Review: Ready Player One by Ernest Cline


It’s the year 2044, and the real world is an ugly place.

Like most of humanity, Wade Watts escapes his grim surroundings by spending his waking hours jacked into the OASIS, a sprawling virtual utopia that lets you be anything you want to be, a place where you can live and play and fall in love on any of ten thousand planets. 

And like most of humanity, Wade dreams of being the one to discover the ultimate lottery ticket that lies concealed within this virtual world. For somewhere inside this giant networked playground, OASIS creator James Halliday has hidden a series of fiendish puzzles that will yield massive fortune — and remarkable power — to whoever can unlock them. 

For years, millions have struggled fruitlessly to attain this prize, knowing only that Halliday’s riddles are based in the pop culture he loved — that of the late twentieth century. And for years, millions have found in this quest another means of escape, retreating into happy, obsessive study of Halliday’s icons. Like many of his contemporaries, Wade is as comfortable debating the finer points of John Hughes’s oeuvre, playing Pac-Man, or reciting Devo lyrics as he is scrounging power to run his OASIS rig. 

And then Wade stumbles upon the first puzzle. 

Suddenly the whole world is watching, and thousands of competitors join the hunt — among them certain powerful players who are willing to commit very real murder to beat Wade to this prize. Now the only way for Wade to survive and preserve everything he knows is to win. But to do so, he may have to leave behind his oh-so-perfect virtual existence and face up to life — and love — in the real world he’s always been so desperate to escape. 

A world at stake. 
A quest for the ultimate prize. 
Are you ready? 


I bought a copy of this book as a payday treat for myself at the end of January and, shockingly, it’s not ended up sitting on the TBR pile for over a year (as most of my purchases do).  When handing it over to the staff member at my local big W; Ash (a most EXCELLENT bookseller) gushed about it and guaranteed I’d love it.  I think he even hugged the book a little bit.  High praise indeed.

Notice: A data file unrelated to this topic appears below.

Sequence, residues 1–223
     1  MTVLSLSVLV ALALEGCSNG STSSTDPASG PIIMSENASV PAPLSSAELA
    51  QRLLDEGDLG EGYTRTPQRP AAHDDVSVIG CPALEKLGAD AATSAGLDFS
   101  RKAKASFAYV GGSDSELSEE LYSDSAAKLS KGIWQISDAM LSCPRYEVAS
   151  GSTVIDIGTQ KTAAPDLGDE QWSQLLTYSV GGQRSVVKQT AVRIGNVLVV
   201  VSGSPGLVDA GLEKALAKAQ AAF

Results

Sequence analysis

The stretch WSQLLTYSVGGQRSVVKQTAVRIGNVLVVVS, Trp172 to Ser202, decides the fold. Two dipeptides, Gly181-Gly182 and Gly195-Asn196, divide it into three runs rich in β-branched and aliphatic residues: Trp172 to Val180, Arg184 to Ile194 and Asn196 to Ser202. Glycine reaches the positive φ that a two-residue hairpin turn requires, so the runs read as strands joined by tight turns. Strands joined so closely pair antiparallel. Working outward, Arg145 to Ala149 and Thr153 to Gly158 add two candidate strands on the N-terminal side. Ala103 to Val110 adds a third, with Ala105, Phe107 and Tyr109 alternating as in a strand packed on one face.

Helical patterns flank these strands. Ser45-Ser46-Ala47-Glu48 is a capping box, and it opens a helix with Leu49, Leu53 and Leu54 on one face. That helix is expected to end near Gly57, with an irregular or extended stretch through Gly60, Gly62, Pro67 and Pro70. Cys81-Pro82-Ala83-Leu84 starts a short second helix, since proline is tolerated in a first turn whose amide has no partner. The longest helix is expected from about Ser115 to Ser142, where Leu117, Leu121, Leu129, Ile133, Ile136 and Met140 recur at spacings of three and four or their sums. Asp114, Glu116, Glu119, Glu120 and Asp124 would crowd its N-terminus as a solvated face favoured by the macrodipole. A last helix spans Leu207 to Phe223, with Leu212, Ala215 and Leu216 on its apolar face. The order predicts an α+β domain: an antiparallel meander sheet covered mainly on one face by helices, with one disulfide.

The book’s plot is a little complex to sum up but essentially it’s an adventure story with a deadline for a prize that money could never buy.  The world as we know it has crumbled and is in massive trouble.  There is a small piece of salvation in the form of a virtual reality game where people live, work, interact and exist within.  This world was created by a genius gamer who made trillions from it and upon his death, creates a contest within the game in the form of a hide-and-seek puzzle for his fortune.  This book is the story of Wade as he discovers one of the hidden ‘keys’ and then the unfolding action as the clock starts ticking to find the rest.  It’s the ultimate prize at stake with high risks to achieve it.

This was a fantastic read that mixes past, present and future to look at the roots of humanity and how we engage with our reality, as well as how we ignore it too.  Wade is a captivating character who changes as his power and his reality in the OASIS shifts.  He’s come from hardship, like most people in this version of the future have, and see’s this competition as his ticket to freedom.  However, as he learns, freedom has a price and it often costs more than you’ve got to lose.

A real mish-mash of 1980s nostalgia with science fiction and a ring of truth to it.  This future could happen; there is a possibility that this could be us down the line.  This leaves a dark shadow over the story and bad taste in your mouth with every page turn, but you can’t help turning those pages to see what happens next.

A great story that’s smart and fast-paced.  Ready Player One has that great balance of adventure and heart in it and I’m so pleased I treated myself twice; once when I bought it and again when I read it.  It’s a cult classic and I can see why.

Published by Arrow, an imprint of Random House, and is available online and in bookshops now

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